The authors have also previously demonstrated that in pre-immune NHPs, a heterologous booster vaccination with an Ad26 vector-based vaccine (Ad26.COV2.S.351) expressing a stabilized Beta-based S protein in more than seven months after Ad26.COV2.S vaccination elicited 2.9-fold higher Beta psVNA titers than homologous vaccination with the Ad26.COV2.S.

However, there is no data evidence for these findings. Hence, it is unknown whether these differences are related to the magnitude of immune responses elicited by previous immunizations, the dosage of vaccinations with the Wuhan-Hu-1 S-based vaccine administered (before receiving the Omicron S-based vaccine), the vaccine platform, or the NHP used for the study.

A study conducted in South Africa during the Omicron-induced pandemic wave has shown immunization with a homologous booster dose of Ad26.COV2.S six to nine months after primary vaccination provided more than 80% protection against hospitalization in Omicron cases. These study findings revealed that although vaccine-induced protection conferred low Omicron neutralizing antibody titers, it sustained for a longer duration as the vaccine-elicited cellular immunity and generated non-neutralizing antibodies with Fc-functions across SARS-CoV-2 variants.

Subsequently, post four weeks of immunization with Ad26.COV2.S, Omicron-neutralizing antibodies were not detected in either naïve mice or hamsters. In vitro studies showed that the expression of S is similar after transduction with both Ad26.COV2.S and Ad26.COV2.S.529. This finding suggested that boosting pre-existing neutralizing epitope-specific memory B cells (although low in number) or de novo induction of B cells could effectively generate antibodies to neutralize Omicron.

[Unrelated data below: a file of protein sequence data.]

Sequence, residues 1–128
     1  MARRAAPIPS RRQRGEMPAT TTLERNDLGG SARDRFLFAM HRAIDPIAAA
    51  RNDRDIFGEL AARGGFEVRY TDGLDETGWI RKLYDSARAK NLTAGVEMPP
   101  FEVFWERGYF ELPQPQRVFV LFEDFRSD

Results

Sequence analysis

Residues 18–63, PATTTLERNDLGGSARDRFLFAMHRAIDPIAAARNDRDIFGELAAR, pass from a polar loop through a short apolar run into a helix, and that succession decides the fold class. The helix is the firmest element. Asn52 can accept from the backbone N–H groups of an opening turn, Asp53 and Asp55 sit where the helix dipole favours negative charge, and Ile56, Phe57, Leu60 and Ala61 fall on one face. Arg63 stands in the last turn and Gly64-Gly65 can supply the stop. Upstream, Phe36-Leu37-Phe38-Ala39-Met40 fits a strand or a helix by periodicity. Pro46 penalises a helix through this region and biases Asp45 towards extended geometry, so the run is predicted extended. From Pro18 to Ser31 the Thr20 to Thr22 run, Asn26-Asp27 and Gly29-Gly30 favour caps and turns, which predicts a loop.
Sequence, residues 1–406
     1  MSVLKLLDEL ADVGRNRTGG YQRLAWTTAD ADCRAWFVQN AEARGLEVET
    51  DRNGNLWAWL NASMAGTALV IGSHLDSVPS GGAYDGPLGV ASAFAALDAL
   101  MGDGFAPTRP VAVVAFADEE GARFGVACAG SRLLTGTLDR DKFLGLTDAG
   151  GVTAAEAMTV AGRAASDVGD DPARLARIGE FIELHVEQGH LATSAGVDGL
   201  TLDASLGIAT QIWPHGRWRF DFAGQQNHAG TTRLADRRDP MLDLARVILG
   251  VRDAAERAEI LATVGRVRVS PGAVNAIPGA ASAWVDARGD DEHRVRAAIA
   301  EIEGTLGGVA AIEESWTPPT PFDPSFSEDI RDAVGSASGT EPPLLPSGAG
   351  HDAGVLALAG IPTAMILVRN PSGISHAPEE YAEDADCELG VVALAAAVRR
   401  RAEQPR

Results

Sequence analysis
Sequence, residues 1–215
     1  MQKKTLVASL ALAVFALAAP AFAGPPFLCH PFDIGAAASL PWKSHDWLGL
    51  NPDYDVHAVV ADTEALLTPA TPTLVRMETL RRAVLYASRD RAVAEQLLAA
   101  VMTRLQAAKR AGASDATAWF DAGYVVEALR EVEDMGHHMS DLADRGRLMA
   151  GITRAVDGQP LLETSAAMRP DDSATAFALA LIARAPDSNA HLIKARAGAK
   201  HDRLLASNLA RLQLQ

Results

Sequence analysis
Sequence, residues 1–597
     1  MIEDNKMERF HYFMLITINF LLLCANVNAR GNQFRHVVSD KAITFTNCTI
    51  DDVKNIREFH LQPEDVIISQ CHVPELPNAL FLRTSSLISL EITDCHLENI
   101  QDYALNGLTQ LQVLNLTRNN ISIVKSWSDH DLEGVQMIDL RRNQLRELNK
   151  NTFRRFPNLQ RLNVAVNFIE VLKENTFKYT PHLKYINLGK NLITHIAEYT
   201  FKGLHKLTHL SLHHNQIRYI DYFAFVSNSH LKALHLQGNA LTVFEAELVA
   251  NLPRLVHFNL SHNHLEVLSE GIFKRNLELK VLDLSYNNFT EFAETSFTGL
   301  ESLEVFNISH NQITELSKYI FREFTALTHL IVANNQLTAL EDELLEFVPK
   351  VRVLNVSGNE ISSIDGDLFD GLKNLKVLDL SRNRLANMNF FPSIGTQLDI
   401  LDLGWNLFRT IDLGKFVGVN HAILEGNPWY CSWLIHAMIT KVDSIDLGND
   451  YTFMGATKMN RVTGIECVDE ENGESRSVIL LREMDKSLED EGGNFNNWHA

While Ad26.COV2.S.529 vaccination resulted in similar Delta S neutralization titers as Ad26.COV2.S in pre-immune hamsters, the Delta neutralizing titers were extremely low in Ad26.COV2.S.529 vaccinated naïve mice. Together, these findings indicated that compared to homologous S protein immunization, heterologous immunization with Ad26.COV2.S.529 induced broadly neutralizing antibody response in animals with pre-existing immunity to Wuhan Hu-1 S.


Overall, the vaccine candidate developed in the current study elicited robust Omicron S neutralizing titers in pre-immune hamsters and naïve mice. This finding is in agreement with previous studies conducted on  Omicron-based RNA vaccines in naïve NHPs.

*Important notice

bioRxiv publishes preliminary scientific reports that are not peer-reviewed and, therefore, should not be regarded as conclusive, guide clinical practice/health-related behavior, or treated as established information.

Journal reference:
  • Swart, M. et al. (2022) "Immunogenicity of an Ad26-based SARS-CoV-2 Omicron Vaccine in Naïve Mice and SARS-CoV-2 Spike Pre-immune Hamsters". bioRxiv. doi: 10.1101/2022.03.04.482636.

Posted in: Medical Science News | Medical Research News | Disease/Infection News

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Neha Mathur

Neha is a digital marketing professional based in Gurugram, India. She has a Master’s degree from the University of Rajasthan with a specialization in Biotechnology in 2008. She has experience in pre-clinical research as part of her research project in The Department of Toxicology at the prestigious Central Drug Research Institute (CDRI), Lucknow, India. She also holds a certification in C++ programming.